The Spartan legacy - Beauty queens praise club for contribution to beauty and fitness
A visit to the ‘About Us’ section on the website for the Spartan Health Club gives a brief synopsis of the facility that has birthed many a fitness enthusiast throughout its four decades long history. But, for those who have come to know the legacy of Spartan, the overview doesn’t do justice to the club that was the training ground for countless sporting teams, and the place where countless Miss Jamaica World pageant contestants were groomed for the world stage. Not only has the facility produced numerous world- class athletes and champion bodybuilders, but it has been the home of three of Jamaica’s four Miss World winners. Therefore, after 44 years in operation, news of its closure has left many saddened. To those who benefited directly from its services, the facility was more than a gym, to them it was home.
When speaking to The Sunday Gleaner about the contributions of the Spartan Health Club, Cindy Breakspeare, Miss World 1976, went down a nostalgic road as she remembered her pageantry days and the jumpstart she was afforded by Spartan. Breakspeare was one of the club’s first gym instructors who, in the first six months of Spartan’s operations, went on to win Miss Jamaica Body Beautiful, Miss Universe Bikini and Miss World pageant. “Mickey (Haughton-James, managing director of Spartan) had a vision. He came and took me out of a job and said ‘listen come, let’s do this together. I believe in you and I think you have the potential to go all the way. At that time, we had no Miss Jamaica and so I got there (Miss World) through Miss Jamaica Body Beautiful and then Miss Universe Bikini, all with Mickey’s support,” she said. “We didn’t have all the monumental support that later emerged, but it was just perfect timing for Mickey and myself to work together. He would come and pick me up at 5 o’clock in the morning and we would go running and spend the whole day at the gym working out, so that I would be in peak condition. It (Spartan) was like a second home for me.”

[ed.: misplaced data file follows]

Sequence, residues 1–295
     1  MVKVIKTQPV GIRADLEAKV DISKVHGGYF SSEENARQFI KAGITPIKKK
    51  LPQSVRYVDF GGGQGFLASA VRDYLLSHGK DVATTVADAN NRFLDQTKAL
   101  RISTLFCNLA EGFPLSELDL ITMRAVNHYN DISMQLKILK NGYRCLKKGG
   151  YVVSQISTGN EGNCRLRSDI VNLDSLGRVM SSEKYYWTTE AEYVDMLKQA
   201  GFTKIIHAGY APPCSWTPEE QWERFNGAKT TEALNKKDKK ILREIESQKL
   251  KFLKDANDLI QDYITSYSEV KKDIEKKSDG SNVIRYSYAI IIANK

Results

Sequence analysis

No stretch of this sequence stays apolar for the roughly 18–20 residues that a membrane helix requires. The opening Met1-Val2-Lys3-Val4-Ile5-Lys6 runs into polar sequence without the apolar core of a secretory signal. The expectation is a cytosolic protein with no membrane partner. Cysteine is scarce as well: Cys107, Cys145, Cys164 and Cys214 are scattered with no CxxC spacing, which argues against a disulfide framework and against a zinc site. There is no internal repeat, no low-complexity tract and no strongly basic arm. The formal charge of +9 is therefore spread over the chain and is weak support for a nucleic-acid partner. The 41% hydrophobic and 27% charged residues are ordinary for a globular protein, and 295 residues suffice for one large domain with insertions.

Breakspeare said she was washed with a sense of loss when it was announced that the facility would be closing its doors at the end of September. “I couldn’t believe it at first when I heard the news, and I posted something about it (on Wednesday) on Instagram. It was a throwback picture of me and Serge Nubret from Guadeloupe who won the Mr Universe the same night I won Miss Universe Bikini and, while I was putting the post together, I found myself weeping,” she said. “Spartan has been such a big part of my life for all those 44 years that, for me, it felt like the end of an era. I don’t think that we will ever be able to measure the contributions of Mr Haughton James to physical and beauty culture in this country.”
Her sentiments were echoed by Miss Jamaica World 2018 winner, Khadijah Robinson. Robinson, who went on to claim the crown of Miss World Caribbean at the global competition that same year, said the facility is an embedded part of Jamaican culture. She expressed the view that it is hard to have a conversation about pageantry in Jamaica without making mention of Spartan. “I have no idea how things will look going forward without a Spartan, because every conversation involving pageantry in Jamaica, Spartan has been a part of it. It is a part of our legacy and we just have to see where the future leads us to now. I owe a lot of who I am to Spartan and so do many of the queens that have been groomed there,” she said. “It really became such a huge part of us that, even after many of us won our competition, we still went back there. I remember the staff always being so helpful and friendly that it really did feel like home. It was the place where many of us networked. Many friendships have been formed at Spartan, and so it was definitely more than a gym.”
Soyini Phillips, franchise holder of Miss Universe Jamaica Central pageant and 2016 contestant in the Miss Jamaica World pageant, told The Sunday Gleaner that there must now be some way to honour the contributions of Spartan. She expressed the view that, with the club having to close its doors, Jamaica must do something to ensure its legacy is secure. “The Spartan legacy is phenomenal. That place has moulded so many women into becoming better versions of themselves. It’s unbelievable. It was not just a training ground, it was a monumental club and it should be treated as such. I think one of the ways that Jamaica can do this is to reward Sir James himself,” she said. “I think Spartan wouldn’t be what it is without Mr Haughton-James. He put his heart and soul into this facility, and so giving him the recognition would be a great way to honour the club’s legacy. To keep the history of Spartan alive, we have to reward the person who kept it alive for so many years.”
Breakspeare agreed. “I know that Mickey has been honoured at a national level. I’m not sure what he got, but I think that, as a thank you, the Government could take that to the next level. I think he would be more than deserving. I think Mickey should be really proud of himself, and Jamaica owes him a tremendous debt of gratitude. Likkle Jamaica with four Miss World, you know what that is?” she questioned. “And Mickey didn’t have anything to do with Carole Joan Crawford, but three out of four is not a bad batting average; and so we need to just applaud him and let him know how much we appreciate him.”